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Insurance companies consistently face the difficult balancing act of the duty to defend and indemnify their insured while also protecting themselves from potential bad faith claims down the road. This arises when there are significant, multiple third-party claims related to a single occurrence for property damage, bodily injuries, or both, while there are insufficient policy limits available to satisfy the total of these claims. Examples would be where an insured is clearly liable in a severe auto accident involving multiple passengers or a fire loss that extends to multiple tenants of an apartment complex. Resolving these claims pose many obstacles for an insurer when dealing with a multitude of third-party claimants who all want their share of the insured’s policy limits.

In Missouri, an insurer owes a duty to exercise good faith in evaluating and negotiating third-party claims against its insured, and the insurer may be held liable in tort for a third-party judgment in excess of policy limits if it fails to perform its fiduciary obligation in good faith. Tobin v. Leader Nat’l Ins. Co., 58 S.W.3d 590, 598 (Mo. App. 2001). Say an insurer has made a reasonable investigation into the existing third-party claims and have thus made the applicable policy limits available. A likely scenario is that one third-party claimant may have more enthusiasm to settle compared to another, or one third-party may make a more compelling argument relating to liability and justification for a larger portion of the available limits. Should an insurer pursue settlement of one third-party claim at the expense of another and risk allegations of bad faith after accepting?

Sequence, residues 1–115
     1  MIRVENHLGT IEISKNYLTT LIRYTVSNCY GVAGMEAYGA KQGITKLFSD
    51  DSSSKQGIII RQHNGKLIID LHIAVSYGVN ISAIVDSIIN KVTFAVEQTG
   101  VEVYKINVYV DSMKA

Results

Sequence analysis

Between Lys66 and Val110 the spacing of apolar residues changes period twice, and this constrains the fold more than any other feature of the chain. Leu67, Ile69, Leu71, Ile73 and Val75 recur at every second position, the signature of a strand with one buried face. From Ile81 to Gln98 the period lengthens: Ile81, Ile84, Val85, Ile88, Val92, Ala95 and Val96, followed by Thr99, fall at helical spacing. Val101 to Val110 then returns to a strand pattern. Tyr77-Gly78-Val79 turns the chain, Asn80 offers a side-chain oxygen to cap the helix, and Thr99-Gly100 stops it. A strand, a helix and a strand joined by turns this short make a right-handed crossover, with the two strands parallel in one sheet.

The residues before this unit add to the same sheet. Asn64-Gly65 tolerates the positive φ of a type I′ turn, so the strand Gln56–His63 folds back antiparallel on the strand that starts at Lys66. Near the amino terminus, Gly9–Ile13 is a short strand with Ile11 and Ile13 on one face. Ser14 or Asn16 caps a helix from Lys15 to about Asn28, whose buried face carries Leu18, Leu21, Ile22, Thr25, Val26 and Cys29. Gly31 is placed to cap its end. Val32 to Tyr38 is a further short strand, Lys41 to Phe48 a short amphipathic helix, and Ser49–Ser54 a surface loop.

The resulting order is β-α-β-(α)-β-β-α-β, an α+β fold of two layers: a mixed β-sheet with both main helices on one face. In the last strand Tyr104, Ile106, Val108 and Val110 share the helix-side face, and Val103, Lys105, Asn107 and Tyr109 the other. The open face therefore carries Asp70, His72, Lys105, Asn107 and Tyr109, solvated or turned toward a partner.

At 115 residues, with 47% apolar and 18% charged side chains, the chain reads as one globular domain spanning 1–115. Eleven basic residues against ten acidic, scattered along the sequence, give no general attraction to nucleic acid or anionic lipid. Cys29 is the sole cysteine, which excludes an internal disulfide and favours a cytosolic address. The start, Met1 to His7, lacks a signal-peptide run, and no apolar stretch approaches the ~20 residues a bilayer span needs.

The Eastern District Court of Appeals in Christlieb v Luten, stated that where several claims arising from an insured event have been joined in one suit against an insurer whose maximum liability under its policy is inadequate to pay in full the amounts deserved by the claimants, courts have held that the proceeds were to be distributed on a pro rata basis in accordance with the amount of damage suffered by each claimant. The decision in Christlieb provides this guidance for a pro-rata distribution where the value of the claims was already established by existing judgments. However, the parties may not be apprised of the full facts relative to fault or alleged damages during settlement negotiations in the early stages of litigation.

Let’s present the hypothetical scenario where settlement discussions have begun, and a pro-rata offer for the full policy limits has been made. Perhaps the third-party claimants are reluctant to agree to a comprehensive pro-rata distribution to settle the claim. Additionally, there may be disputes as to the alleged value of each claim that in turn affects the percentage of a pro-rata distribution. There also may be additional third-party claims that are not submitted and still within the statute of limitations, which is up to five years for personal injury and property claims. If an insurer decides to wait, it not only prolongs the resolution of the claim, but the insurer may also miss out on reasonable settlement opportunities at the expense of waiting for a claim that may never be established. These scenarios may open up the possibility of bad faith claims from the insured or a third-party in the future. Again, what’s an insurer to do?

One solution may be the Missouri Interpleader Statute RSMo § 507.060.  An interpleader action may be filed where multiple claims are made against the same insurance coverage or the action may be filed where there are other “potential” claims against the insured. The insurer must file an action for interpleader within ninety (90) days after receiving the first offer of settlement or demand for payment by a claimant. The insurer must then deposit the applicable policy limits with the court within thirty (30) days of the court granting the interpleader. Then, as long as the insurer continues to defend its insured in good faith from any claims or lawsuit for damages caused by the occurrence, the insurer shall not be liable to any insured or defendant named in the interpleader action for any amount in excess of the policy limits deposited with the court or any other actions.

If you or your insurance company are faced with this policy limit dilemma and would like further guidance as to the Missouri Interpleader Statute, reach out to the lawyers at Gausnell O’Keefe & Thomas for support.

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